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United States v. Bermudez

United States District Court, N.D. California, San Jose Division

May 20, 2014



EDWARD J. DAVILA, District Judge.

Presently before the Court is a Motion to Vacate, Set Aide, or Correct a Sentence by filed by federal prisoner Nicole Bermudez ("Petitioner") pursuant to 28 U.S.C. § 2255. See Docket Item 69. Petitioner challenges her sentence on the grounds that she did not receive effective assistance of counsel at trial and sentencing, that her sentence is substantively unreasonable, and that she is actually innocent.

This Motion will be denied for the reasons discussed below.


On February 24, 2010, Petitioner was indicted on one count of conspiracy in violation of 18 U.S.C. §§ 1341 and 1343; five counts of wire fraud in violation of 18 U.S.C. § 1343; and six counts of engaging in monetary transactions in property derived from specified unlawful activity in violation of 18 U.S.C. § 1957(a). See Docket Item 1. Count one carried a maximum penalty of five years imprisonment, counts two through six 20 years imprisonment, and counts seven through twelve 10 years imprisonment, respectively. Id . In addition, the charges carried up to a $250, 000 fine, three years supervised release, and $100 special assessment. Id.

Petitioner's initial appearance was before Magistrate Judge Trumbull on April 1, 2010. See Docket Item 82, Ex. A. Petitioner appeared without counsel and indicated that she intended to represent herself. Id. at 8. The court then inquired into Petitioner's mental health history, educational background and her understanding of the risks of self-representation. Id. at 12-14. The court read the entire indictment against Petitioner aloud, including potential maximum penalties. Id. at 17-29. Petitioner again reiterated a desire to represent herself. Id. at 35.

Petitioner's trial began on August 31, 2010, before Judge James Ware after the court denied Petitioner's request for a continuance based on typographical changes to the indictment. Id. at 12, Ex. C. Petitioner represented herself at trial. A jury returned convictions on all counts. Id. at Ex. D.

Petitioner appeared without counsel for sentencing on December 6, 2010. Id. at Ex. F. The court asked Petitioner if she was comfortable continuing to represent herself for sentencing, but Petitioner proceeding with the hearing. Id. at 28. Petitioner was sentenced to 151 months imprisonment and 3 years supervised release, and was ordered to pay $2, 488, 613.38 in restitution and a $1, 200 special assessment. See Docket Item 57. An Amended Judgment was filed on December 14, 2010. See Docket Item 59.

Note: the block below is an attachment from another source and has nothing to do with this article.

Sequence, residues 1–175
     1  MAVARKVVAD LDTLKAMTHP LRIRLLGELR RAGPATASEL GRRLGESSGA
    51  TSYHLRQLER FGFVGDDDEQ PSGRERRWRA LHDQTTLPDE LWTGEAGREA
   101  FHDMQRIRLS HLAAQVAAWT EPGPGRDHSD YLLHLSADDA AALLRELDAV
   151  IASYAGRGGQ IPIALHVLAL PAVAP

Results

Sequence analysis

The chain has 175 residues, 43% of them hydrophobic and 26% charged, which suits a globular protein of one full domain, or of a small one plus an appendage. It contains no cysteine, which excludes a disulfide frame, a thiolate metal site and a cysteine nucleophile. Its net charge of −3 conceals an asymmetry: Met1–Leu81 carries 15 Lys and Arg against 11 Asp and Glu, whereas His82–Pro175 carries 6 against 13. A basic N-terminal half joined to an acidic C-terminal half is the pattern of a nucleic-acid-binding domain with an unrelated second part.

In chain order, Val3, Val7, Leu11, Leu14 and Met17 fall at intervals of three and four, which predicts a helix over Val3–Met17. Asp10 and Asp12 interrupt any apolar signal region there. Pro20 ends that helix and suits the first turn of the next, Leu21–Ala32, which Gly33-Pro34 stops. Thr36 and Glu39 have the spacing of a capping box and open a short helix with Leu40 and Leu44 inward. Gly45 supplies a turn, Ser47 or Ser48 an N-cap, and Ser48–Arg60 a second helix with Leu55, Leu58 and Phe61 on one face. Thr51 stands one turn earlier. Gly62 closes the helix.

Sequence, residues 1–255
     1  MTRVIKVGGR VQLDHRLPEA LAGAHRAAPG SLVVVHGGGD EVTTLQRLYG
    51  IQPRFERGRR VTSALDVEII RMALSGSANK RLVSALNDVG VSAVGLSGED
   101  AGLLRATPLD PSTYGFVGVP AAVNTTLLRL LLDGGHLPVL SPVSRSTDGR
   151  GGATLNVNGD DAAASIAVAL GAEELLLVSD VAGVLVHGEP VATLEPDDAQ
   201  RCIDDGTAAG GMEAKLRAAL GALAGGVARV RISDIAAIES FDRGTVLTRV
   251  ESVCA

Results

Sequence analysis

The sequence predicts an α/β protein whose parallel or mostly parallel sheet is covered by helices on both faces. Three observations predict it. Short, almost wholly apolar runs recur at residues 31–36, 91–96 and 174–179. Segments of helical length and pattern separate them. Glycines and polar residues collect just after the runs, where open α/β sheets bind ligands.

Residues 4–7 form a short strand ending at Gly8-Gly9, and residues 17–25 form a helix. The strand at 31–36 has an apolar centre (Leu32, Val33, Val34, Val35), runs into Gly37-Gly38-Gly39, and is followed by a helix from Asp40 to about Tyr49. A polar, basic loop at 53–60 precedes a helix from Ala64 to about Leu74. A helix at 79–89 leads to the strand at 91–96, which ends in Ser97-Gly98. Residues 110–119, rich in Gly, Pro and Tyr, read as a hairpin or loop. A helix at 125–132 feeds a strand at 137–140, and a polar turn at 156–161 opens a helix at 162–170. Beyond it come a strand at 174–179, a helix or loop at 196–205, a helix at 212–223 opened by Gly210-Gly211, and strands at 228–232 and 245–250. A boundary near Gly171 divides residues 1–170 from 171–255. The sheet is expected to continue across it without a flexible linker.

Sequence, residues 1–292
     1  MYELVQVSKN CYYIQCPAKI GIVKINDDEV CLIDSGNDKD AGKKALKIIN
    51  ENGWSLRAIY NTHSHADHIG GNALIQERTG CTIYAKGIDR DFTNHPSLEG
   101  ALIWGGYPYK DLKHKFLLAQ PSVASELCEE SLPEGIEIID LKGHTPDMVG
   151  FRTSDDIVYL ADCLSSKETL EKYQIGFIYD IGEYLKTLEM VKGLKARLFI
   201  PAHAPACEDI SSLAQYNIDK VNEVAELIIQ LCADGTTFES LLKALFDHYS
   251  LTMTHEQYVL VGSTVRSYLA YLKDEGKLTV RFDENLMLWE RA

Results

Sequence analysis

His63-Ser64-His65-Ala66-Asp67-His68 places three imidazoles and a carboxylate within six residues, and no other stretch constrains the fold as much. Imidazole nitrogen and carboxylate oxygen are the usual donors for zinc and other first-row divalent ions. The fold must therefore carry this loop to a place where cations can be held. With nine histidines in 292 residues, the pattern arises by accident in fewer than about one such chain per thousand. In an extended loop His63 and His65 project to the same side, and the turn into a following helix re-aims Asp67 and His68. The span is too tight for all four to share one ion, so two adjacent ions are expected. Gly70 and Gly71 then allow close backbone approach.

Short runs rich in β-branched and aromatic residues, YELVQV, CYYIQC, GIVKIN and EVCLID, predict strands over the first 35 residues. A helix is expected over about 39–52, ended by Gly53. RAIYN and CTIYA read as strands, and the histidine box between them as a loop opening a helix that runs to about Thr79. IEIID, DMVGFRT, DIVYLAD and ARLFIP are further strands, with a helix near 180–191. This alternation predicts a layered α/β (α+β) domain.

Petitioner did not appeal from the Amended Judgment. She filed this motion on December 9, 2011.


A Motion pursuant to 28 U.S.C. § 2255 entitles a prisoner to relief "[i]f the court finds that... there has been such a denial or infringement of the constitutional rights of the prisoner as to render the judgment vulnerable to collateral attack." Under § 2255, "a district court must grant a hearing to determine the validity of a petition brought under that section, [u]nless the motions and the files and records of the case conclusively show that the prisoner is entitled to no relief.'" United States v. Blaylock , 20 F.3d 1458, 1465 (9th Cir. 1994) (quoting 28 U.S.C.§ 2255) (emphasis omitted). A court need not hold an evidentiary hearing where the prisoner's allegations, when viewed against the records, either do not state a claim for relief or are so palpably incredible as to warrant summary dismissal. United States v. McMullen , 98 F.3d 1155, 1159 (9th Cir. 1996); Shah v. United States , 878 F.2d 1156, 1158 (9th Cir. 1989), cert. denied, 493 U.S. 869 (1989). "Merely conclusory statements in a § 2255 motion are not enough to require a hearing." United States v. Johnson , 988 F.2d 941, 945 (9th Cir. 1993); see also United States v. Howard , 381 F.3d 873, 877, 879 (9th Cir. 2004). While a petitioner is not required to allege facts in detail, he or she must make factual allegations. United States v. Hearst , 638 F.2d 1190, 1194 (9th Cir. 1980). Accordingly, an evidentiary hearing is required only if: 1) a petitioner alleges specific facts which, if true, would entitle him to relief; and 2) the petition, files, and record of the case cannot conclusively show that the petitioner is entitled to no relief. Howard , 381 F.3d at 877.


Petitioner offers three grounds in support of her motion. In the first, Petitioner argues that, as a criminal defendant representing herself, she received ineffective assistance of counsel. In a related argument, she contends that the trial court failed to properly conduct a competency hearing, and that it erred in finding her competent to represent herself and in declining to appoint her advisory counsel. In the second ground, Petitioner argues that her sentence is substantively unreasonable because it is longer ...

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